Look at the things I'm missing😩
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    (Original post by alevelpain)
    Scrutiny ->PMQs, written questions, rebelling, ministerial questions HOWEVER just for show, not effective at all (do up your tie etc.)

    Representing-> they represent their constituents interests -> Burkean Trusteeship-> means their problems relayed to Commons -> Ann Main -> also worklocally to help people, such as collections HOWEVER whip means thatyou have to follow party line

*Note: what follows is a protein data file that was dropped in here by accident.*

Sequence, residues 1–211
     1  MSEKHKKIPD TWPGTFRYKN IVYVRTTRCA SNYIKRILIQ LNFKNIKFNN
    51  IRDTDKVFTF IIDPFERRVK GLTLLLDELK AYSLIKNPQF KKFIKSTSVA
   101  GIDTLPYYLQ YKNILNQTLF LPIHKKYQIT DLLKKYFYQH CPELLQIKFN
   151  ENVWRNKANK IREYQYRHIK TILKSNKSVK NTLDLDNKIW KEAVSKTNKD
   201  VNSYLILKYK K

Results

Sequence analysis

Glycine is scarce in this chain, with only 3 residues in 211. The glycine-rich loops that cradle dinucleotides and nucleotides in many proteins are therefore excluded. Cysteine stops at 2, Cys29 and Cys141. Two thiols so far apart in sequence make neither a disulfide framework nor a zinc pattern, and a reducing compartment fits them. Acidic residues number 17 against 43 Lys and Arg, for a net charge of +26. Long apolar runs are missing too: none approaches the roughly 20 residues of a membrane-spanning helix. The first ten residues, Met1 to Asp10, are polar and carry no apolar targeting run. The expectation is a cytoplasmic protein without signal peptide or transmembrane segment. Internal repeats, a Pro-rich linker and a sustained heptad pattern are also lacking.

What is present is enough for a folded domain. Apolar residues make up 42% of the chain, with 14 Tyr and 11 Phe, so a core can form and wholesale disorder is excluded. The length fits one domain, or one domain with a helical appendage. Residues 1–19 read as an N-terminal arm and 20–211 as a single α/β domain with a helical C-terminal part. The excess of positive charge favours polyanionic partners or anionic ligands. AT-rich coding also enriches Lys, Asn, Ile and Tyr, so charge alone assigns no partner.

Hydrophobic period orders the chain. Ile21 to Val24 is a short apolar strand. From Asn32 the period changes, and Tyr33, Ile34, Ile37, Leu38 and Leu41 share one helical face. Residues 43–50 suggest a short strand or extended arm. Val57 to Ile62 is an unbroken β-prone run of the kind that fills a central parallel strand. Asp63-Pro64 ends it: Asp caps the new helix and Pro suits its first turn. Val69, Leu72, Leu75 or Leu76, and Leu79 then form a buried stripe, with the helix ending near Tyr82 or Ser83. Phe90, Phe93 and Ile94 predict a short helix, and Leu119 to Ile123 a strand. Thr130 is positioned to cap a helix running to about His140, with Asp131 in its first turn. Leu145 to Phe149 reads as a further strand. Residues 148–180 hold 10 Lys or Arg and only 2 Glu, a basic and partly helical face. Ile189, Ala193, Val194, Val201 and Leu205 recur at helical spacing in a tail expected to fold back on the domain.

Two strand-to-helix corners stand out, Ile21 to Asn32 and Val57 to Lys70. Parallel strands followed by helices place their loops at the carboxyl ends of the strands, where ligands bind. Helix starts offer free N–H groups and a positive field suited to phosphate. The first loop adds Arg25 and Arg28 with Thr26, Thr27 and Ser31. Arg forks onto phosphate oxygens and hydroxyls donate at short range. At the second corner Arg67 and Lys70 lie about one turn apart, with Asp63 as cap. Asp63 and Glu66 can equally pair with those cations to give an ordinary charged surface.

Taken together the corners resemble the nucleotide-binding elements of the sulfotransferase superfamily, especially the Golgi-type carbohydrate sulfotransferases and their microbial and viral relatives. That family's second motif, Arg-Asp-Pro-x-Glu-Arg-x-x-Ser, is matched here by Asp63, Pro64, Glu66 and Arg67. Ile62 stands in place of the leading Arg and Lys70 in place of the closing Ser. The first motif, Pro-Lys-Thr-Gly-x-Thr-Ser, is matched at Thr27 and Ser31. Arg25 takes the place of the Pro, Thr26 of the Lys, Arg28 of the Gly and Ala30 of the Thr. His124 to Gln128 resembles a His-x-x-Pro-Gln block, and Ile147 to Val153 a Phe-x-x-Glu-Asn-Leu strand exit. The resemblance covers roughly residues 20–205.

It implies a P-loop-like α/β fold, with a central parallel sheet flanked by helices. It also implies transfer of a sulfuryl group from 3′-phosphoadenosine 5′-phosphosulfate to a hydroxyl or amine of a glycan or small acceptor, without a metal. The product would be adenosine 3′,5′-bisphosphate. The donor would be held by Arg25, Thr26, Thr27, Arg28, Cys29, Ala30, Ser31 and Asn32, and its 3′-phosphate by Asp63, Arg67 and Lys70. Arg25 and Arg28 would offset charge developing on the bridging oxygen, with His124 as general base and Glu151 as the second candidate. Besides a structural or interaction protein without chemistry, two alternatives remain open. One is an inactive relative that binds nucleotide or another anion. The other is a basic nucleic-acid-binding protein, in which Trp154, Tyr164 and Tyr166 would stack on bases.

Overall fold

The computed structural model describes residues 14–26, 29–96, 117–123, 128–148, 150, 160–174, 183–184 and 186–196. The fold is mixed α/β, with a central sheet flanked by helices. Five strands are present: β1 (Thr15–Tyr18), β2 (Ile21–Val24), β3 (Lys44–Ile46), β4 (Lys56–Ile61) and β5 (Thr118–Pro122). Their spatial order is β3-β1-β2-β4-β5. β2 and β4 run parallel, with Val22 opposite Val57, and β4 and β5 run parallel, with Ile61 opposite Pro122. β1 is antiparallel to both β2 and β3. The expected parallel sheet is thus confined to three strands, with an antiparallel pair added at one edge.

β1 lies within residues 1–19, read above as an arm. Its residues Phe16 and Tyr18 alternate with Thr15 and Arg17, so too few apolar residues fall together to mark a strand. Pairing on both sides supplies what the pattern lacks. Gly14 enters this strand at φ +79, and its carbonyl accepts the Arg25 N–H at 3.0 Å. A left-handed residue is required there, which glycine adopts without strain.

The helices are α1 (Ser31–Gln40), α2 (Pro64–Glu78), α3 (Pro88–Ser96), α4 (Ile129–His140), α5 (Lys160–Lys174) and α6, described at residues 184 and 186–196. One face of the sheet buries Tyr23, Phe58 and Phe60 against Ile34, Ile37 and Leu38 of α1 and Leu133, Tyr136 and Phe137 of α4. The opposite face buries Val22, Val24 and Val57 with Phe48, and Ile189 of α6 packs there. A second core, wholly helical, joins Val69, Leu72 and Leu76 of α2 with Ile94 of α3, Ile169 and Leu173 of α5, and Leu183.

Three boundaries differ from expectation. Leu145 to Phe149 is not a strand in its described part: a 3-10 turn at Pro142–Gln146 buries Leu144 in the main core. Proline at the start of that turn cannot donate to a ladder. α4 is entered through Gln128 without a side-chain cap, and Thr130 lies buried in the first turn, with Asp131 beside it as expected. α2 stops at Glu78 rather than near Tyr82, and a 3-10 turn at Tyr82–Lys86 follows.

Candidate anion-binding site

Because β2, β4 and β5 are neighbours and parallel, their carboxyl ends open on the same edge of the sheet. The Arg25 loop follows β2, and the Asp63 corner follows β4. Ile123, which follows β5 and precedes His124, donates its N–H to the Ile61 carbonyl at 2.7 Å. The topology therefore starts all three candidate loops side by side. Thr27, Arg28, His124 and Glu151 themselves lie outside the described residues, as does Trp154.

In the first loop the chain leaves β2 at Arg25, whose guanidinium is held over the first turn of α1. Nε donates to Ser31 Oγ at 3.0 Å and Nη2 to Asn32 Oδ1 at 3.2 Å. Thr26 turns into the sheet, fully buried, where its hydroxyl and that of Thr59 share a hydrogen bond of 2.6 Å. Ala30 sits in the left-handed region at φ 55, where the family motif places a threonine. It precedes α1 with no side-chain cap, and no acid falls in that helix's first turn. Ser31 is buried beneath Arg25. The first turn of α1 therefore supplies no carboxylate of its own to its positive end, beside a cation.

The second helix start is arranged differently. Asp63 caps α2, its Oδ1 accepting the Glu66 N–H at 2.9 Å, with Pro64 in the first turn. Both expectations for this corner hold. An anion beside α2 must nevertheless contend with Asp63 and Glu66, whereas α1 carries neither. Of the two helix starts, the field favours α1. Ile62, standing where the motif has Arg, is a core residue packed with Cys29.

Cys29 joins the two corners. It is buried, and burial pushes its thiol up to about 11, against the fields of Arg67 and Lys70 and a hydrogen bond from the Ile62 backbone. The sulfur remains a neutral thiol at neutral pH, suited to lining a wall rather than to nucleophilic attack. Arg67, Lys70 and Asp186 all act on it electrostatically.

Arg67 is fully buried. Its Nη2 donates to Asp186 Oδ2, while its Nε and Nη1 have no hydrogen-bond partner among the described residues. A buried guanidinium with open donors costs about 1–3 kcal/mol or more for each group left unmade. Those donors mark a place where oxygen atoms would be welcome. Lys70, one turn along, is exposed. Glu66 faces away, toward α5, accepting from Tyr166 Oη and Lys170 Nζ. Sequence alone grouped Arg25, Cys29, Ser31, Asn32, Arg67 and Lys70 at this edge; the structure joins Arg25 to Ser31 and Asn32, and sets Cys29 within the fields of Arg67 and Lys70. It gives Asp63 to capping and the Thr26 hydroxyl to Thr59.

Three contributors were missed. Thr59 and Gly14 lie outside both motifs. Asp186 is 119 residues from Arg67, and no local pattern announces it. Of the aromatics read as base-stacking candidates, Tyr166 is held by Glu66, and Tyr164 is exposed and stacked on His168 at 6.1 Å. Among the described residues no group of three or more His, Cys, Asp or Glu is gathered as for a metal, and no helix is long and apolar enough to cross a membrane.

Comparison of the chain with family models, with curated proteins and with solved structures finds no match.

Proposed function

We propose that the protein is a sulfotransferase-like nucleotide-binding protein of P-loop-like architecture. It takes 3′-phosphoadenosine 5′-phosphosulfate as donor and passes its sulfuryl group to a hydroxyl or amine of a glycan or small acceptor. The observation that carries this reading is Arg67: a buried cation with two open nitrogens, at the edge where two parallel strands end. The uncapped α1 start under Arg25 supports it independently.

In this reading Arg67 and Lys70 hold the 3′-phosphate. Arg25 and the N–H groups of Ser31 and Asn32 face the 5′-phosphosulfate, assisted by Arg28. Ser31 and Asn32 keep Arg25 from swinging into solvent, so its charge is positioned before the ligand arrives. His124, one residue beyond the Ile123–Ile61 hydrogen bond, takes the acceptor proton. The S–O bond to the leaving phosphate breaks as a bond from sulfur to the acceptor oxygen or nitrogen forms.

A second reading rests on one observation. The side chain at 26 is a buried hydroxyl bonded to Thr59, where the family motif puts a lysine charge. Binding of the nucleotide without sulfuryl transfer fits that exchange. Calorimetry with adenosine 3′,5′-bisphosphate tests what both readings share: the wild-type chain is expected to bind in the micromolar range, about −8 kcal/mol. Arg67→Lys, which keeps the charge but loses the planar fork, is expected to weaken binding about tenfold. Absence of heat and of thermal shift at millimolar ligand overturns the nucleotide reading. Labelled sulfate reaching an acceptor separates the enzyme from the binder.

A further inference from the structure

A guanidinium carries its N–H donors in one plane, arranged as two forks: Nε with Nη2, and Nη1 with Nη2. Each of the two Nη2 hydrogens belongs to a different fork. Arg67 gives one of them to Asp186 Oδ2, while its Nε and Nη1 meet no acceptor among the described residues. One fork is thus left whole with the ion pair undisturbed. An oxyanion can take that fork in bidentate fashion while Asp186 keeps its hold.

Private MemberBill -> means they can legislate -> Assisted Dying in 2015 and there wasalso legalising abortion in 1967 HOWEVER Private Member Bills are ineffective as only a minority go through due to a lack of debatingtime, bad system and reforms were proposed
    Thanks
    Is that for how effective back bench MPs sre
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    (Original post by xxvine)
    Thanks
    Is that for how effective back bench MPs sre
    yeah sorry look again i edited it
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    I have a good checklist for people to use, it doesn't cover the judiciary however.

    For all the other topics though I find it a good guide.
    Attached Files
  1. File Type: docx Unit Two Checklist - Edecxel.docx (20.8 KB, 108 views)